When I say "halt, who goes there " I mean halt

In August 1960, at 17 years old, I joined the us navy and went to boot camp in san diego, california. It was summer so we were still in our whites. We washed our daily uniform, hat, skivvies and t shirt on cement tables with scrub brushes and buckets after our daily exercises, studies and duties. We hung them on the line in a area by our barracks. So there were 75 sets of whites hanging on the line at all times. We posted "clothes line" watches to guard them day and night. We carried old wooden rifles "pieces" and walked around the clothes lines, which was about a 40 foot long area. There was a 15 foot space between our line and the one across from us and about 20 feet in between our line and the one next to ours. Everything was concrete. there were 15 or so barracks in a line with the same amount across from us. The officer of the day (od) would ride his bicycle down the middle of the clothes lines to make his rounds. In doing this he would pass through the 15 clothes line watches. You could hear his bicycle bell ringing as he came down the path and hear the "halt, who goes there." As a clothes line guard, you had to challenge everyone who came down that path: "halt. Who goes there." If they didn't stop and identify themselves, you had to stop them. Well, everyone would always stop and yell out their name and rank or their name and serial number. Early one morning, about 0300, i had the watch and could hear the bell ringing as it was coming down the path. I could hear the challenges, but it looked like the bicycle wasn't stopping. He kept on coming, ringing his bell. I saw him on the bike and after he passed the last clothes line guard, I shouted, "halt who goes there." He kept coming, ringing his bell. He wasn't going to slow down and stop. I took my piece and shoved it in the front spokes of his bicycle causing the bike to stop immediately. He went over his handle bars and skidded along the pavement scraping up his arms, hands and knees. As a 17 year old kid, i thought my life was over. The next day, my punishment was half squatting and holding my piece out in front of me for 1 hour. The punishment was not for injuring the ensign od, but for "giving up my piece while on watch". My barracks chief co laughed until we graduated and had a great story to tell his next company.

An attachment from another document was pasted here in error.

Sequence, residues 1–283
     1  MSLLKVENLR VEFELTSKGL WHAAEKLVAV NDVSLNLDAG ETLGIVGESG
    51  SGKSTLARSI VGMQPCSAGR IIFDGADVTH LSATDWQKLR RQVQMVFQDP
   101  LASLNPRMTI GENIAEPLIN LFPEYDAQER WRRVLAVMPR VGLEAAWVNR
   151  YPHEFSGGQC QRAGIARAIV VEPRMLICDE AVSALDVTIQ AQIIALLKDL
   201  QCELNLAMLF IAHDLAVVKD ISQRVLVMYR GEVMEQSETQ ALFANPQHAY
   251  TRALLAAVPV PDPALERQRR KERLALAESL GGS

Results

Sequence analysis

Maj. Michael Feltes, Waveland, Miss.

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